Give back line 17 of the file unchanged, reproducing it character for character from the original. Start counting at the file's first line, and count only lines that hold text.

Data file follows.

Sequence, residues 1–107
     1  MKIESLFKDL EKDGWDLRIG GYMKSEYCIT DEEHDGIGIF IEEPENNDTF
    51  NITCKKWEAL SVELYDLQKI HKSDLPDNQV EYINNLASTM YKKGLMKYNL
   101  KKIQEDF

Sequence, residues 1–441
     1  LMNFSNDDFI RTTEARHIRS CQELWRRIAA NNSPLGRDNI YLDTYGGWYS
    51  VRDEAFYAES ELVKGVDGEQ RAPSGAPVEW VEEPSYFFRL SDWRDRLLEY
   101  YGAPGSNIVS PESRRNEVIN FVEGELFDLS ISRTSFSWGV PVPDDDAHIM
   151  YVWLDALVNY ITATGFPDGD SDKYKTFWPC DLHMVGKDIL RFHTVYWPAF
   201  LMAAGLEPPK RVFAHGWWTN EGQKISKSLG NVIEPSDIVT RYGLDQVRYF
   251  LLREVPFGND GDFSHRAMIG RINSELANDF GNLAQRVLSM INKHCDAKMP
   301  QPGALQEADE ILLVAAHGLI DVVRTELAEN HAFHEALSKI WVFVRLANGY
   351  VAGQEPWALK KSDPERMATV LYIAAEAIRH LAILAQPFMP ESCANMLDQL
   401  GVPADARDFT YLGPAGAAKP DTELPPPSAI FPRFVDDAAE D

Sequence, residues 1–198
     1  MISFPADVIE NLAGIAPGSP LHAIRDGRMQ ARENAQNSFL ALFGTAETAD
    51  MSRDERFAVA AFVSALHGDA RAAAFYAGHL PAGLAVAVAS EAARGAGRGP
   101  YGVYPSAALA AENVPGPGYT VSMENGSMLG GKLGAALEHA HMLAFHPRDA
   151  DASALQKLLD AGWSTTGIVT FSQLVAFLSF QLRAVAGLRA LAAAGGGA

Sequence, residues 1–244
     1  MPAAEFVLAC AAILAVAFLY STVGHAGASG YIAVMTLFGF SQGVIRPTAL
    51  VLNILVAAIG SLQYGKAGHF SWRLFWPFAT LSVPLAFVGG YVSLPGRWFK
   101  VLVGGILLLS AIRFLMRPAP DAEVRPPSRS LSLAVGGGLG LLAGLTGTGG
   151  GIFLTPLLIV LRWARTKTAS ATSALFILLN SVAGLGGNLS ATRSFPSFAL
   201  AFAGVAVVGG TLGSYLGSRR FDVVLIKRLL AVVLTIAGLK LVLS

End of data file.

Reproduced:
    51  MSRDERFAVA AFVSALHGDA RAAAFYAGHL PAGLAVAVAS EAARGAGRGP